These were among more than 130 awards won by New Jersey journalists as NJ-SPJ announced its annual Excellence in Journalism awards. (Click here for winners list.) Still to be announced are the organization’s Journalist of the Year award, the Courage Under Fire Award, and the Stuart and Beverley Awbrey Award for public advocacy by a local grassroots publication.

The winners will be feted at a June 25 awards brunch at the Robert Treat Hotel in Newark. Attorney Bruce Rosen, who represented reporter Isaac Avilucea of The Trentonian fight a legal battle against the state Attorney General’s Office over prior restraint will be the keynote speaker; Doug Doyle, news director and sports podscaster at WBGO, Newark’s public radio station, will be the master of ceremonies.

Tickets for the awards brunch are $20. To RSVP, click here.

Among the other awards announced today are the organization’s Wilson Barto awards, given annually to the state’s “rookies of the year” for distinguished work by a first-year reporter.…

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The Trentonian and Avilucea notch a big press-freedom win

Journalism scored a big victory for the role of an informed public in a democracy this week when the New Jersey Appellate Court rejected the efforts of the NJ Attorney General’s office (AG) to reinstate a gag order against The Trentonian newspaper and reporter Isaac Avilucea.

This is an important case involving drugs brought to school by a 5-year-old child, drugs which appear to have been planted by an adult. At issue was a child-custody report, which the state claimed Avilucea had obtained illegally and wanted suppressed on the grounds that it was protecting the child’s privacy. However, from the beginning, the newspaper never published the child’s name.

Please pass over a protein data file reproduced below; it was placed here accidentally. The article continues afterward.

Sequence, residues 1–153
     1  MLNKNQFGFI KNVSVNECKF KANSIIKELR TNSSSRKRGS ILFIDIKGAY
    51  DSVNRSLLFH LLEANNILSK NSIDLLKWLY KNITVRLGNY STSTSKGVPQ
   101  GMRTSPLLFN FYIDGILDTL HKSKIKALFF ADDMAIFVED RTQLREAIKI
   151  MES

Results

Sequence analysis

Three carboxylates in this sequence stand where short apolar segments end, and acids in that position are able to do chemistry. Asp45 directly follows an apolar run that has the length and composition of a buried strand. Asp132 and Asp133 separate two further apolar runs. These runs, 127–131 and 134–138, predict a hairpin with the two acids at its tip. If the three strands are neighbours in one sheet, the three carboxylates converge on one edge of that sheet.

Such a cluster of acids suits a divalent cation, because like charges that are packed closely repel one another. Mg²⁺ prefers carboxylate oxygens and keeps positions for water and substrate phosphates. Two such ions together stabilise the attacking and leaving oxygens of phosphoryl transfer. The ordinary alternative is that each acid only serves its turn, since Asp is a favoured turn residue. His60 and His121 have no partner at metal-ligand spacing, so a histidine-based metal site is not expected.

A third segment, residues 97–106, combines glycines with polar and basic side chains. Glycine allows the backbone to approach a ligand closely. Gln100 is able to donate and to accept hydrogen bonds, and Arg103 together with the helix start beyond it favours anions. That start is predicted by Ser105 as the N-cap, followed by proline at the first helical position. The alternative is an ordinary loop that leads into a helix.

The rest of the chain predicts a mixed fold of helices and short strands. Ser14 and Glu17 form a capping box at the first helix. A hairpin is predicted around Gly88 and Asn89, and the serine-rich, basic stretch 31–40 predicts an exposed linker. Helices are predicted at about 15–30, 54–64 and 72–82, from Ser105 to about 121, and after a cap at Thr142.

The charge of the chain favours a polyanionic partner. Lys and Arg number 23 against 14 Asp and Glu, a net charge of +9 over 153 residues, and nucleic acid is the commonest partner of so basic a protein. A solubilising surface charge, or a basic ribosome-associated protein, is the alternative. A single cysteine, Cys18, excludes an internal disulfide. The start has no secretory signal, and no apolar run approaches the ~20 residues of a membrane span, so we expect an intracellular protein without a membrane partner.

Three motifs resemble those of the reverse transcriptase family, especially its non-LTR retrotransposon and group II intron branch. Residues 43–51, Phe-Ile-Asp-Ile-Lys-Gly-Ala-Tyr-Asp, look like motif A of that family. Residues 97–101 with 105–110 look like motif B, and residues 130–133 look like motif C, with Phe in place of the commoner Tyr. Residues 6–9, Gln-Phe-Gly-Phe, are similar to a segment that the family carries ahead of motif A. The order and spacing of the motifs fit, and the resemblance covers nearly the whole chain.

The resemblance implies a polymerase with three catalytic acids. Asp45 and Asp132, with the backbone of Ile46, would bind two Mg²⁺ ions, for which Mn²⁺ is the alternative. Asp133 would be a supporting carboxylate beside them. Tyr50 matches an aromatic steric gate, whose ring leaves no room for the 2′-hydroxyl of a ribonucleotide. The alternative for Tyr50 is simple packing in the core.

The AG lost the case in Superior Court in March, but since then has been filing non-stop motions to keep the trial court judge’s order from going into effect. In this latest ruling, the Appellate Court could have simply checked the box “denied.” Instead, as Avilucea’s attorney Bruce Rosen pointed out, it issued a strongly worded seven-page decision that bolstered the basic principles of press rights by writing, “prior restraints on speech and publication are the most serious and the least tolerable infringement on First Amendment rights.” In effect, the court said “you have no case whatsoever – zip, zilch, zero – no matter how we look at it.”

The “prior restraint” ban stood for five months. Avilucea was under tremendous pressure to settle. He stood his ground and, after a fact-finding hearing, state Superior Court Judge Lawrence De Bello issued a ruling in March that found that Avilucea had obtained the report legally.

It has been a challenging time, for all, especially for Avilucea, an NJ-SPJ member. He went into treatment for testicular cancer a few weeks after the prior restraint order was issued. (Avilucea is 28 years old. His GoFundMe page is here).

In this week’s decision, the high court cited numerous cases supporting press freedom, which refreshes those past decisions as the opinion of the Appellate Division in 2017. We hope this means the AG’s office will accept the ruling and stop using taxpayer money on endless appeals.

NJ-SPJ thanks Rosen, The Trentonian’s lawyers Eli Segal and David Bralow, the SPJ Legal Defense Fund Committee Chair Hagit Limor and the committee, SPJ President Lynn Walsh, SPJ Ethics Chair Andrew Seaman, SPJ Region 1 Director Jane Primerano, NJ Foundation for Open Government’s John Paff. NJ-SPJ members Bob Schapiro and Miriam Ascarelli attended the court proceedings in support of Avilucea.…